The story

Byzantine Empire

The decline

The Empire's tide of luck, however, seemed to be over. In 1071, the Byzantine Emperor Diogenes IV was defeated and captured by the Seljuk Turks at the Battle of Manzikert. This battle marked the disintegration of the defensive system that for centuries protected Asia Minor and the entry of the Turks into the Anatolian peninsula. As a result, the Empire lost up to one third of its population and resources.

As much as the subsequent dynasty, that of the Comneni, tried to regain the empire, attacks from the west and the north and the very fate of the emperors prevented it. The Italic Peninsula was definitely lost. The decline of the Empire was accompanied by a commercial subservience to the interests now of the Republic of Venice (with which Basil II himself signed a treaty), now of the Republic of Genoa, until finally Venice diverted the Fourth Crusade to Constantinople, which collapsed. to the crusaders in 1204.

Three states with Byzantine rulers emerged after the first "fall" of Constantinople:

  • The Nicaea Empire
  • The Despot of Epirus
  • The Trebizonda Empire

Of these, it is the Empire of Nicaea that is considered the true successor. Ruled by strong and good emperors, it became the first territorial power in Asia Minor. Agriculture developed, as well as commerce, and several cities in Europe were recovered. The Paleologists, failing their oath of loyalty, murdered the rightful emperor and deposed the Vatatzes-Laskaris dynasty. Michael VIII Palaeologus made an alliance with Genoa and managed to regain the former capital of the Byzantine Empire on July 25, 1261.

However, the Palaeologian dynasty failed to regain its former imperial glory. The withdrawal of troops from Asia for the defense and reconquest of Europe paved the way for the various Turkish emirates, including that of the Ottomans, to settle in former territories of the Nicaea Empire.

Without the Asian territories and with the commercial colonization of Venice and Genoa, the fate of the Empire was sealed. Especially harmful was the Peruvian Genoese colony, which, set up in front of Constantinople, dominated local trade, important to the Byzantines. Despite several attempts to gain Western support, culminating in the promise of unity between the Rome-based Roman Catholic Church and the Constantinople-based Orthodox Catholic Church in the Council of Ferrara / Florence, there have been few results. The crusade preached by the papacy to the rescue of New Rome was won by the Ottomans. Emperor John VIII's trip to the West bore no fruit, though he was well treated in the Western kingdoms.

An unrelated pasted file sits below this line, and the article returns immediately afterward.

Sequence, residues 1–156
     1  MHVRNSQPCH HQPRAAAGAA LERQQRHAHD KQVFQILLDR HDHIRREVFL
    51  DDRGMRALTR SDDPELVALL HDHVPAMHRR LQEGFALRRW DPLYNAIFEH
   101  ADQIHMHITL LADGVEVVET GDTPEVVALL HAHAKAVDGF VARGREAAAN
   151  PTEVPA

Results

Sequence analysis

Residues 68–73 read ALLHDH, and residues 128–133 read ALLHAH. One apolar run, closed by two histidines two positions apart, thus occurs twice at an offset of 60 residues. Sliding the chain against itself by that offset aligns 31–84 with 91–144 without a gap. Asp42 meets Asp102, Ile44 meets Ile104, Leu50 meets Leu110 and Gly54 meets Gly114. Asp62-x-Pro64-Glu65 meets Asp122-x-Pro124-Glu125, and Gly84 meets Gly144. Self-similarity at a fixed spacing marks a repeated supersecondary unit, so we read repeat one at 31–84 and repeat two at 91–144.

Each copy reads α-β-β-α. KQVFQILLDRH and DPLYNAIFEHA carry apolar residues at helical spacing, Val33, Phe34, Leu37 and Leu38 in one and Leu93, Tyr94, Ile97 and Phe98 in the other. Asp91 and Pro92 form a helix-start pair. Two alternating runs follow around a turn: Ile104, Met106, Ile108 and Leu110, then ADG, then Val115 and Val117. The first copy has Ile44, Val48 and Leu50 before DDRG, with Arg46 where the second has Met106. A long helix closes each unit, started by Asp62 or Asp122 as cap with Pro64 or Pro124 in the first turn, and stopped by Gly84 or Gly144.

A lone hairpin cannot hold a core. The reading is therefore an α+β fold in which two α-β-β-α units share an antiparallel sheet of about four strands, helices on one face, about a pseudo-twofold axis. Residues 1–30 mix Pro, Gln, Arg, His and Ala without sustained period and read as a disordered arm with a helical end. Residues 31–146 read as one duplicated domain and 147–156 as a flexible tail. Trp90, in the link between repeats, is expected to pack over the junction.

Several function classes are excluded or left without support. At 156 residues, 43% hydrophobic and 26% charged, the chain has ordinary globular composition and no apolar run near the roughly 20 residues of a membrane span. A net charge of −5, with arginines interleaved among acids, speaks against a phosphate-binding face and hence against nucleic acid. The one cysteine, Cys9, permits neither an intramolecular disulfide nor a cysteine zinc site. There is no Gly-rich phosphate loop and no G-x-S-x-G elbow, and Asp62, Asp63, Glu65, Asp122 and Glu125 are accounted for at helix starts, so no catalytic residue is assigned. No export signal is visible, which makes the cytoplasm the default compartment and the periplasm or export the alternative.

The fall of Constantinople

The fall of Constantinople meant the loss of a strategic post of Christianity, which ensured access for European merchants to trade routes to India and China, especially to Venetian and Genoese merchants. With Turkish domination, the route between the Mediterranean and the Black Sea was, if not blocked to Christian ships, at least hindered. This spurred a naval race in search of another route to India across the Atlantic Ocean, bypassing Africa,. Spain and Portugal quickly took advantage of the geographical position to dominate the new routes, causing the declining maritime republics of Venice and Genoa. At the end of the fifteenth century, funded by the kings of Spain, Christopher Columbus set out on a bold attempt to reach Asia on a new westward ocean route, discovering a new continent, America, unveiling a new world for Europeans. This same process of closing trade in the Mediterranean Sea, in which the Ottoman Turks prevented European advancement, made the entire Balkan region more dependent on its own production, along with the Italian peninsula. The various economic and political transformations that followed the fall of the Eastern Roman Empire led historians to make the year 1453 the landmark of the late Middle Ages and the end of feudalism in Europe, making the Byzantine Empire a great landmark for discoveries of new lands, and for the development of capitalism in the world.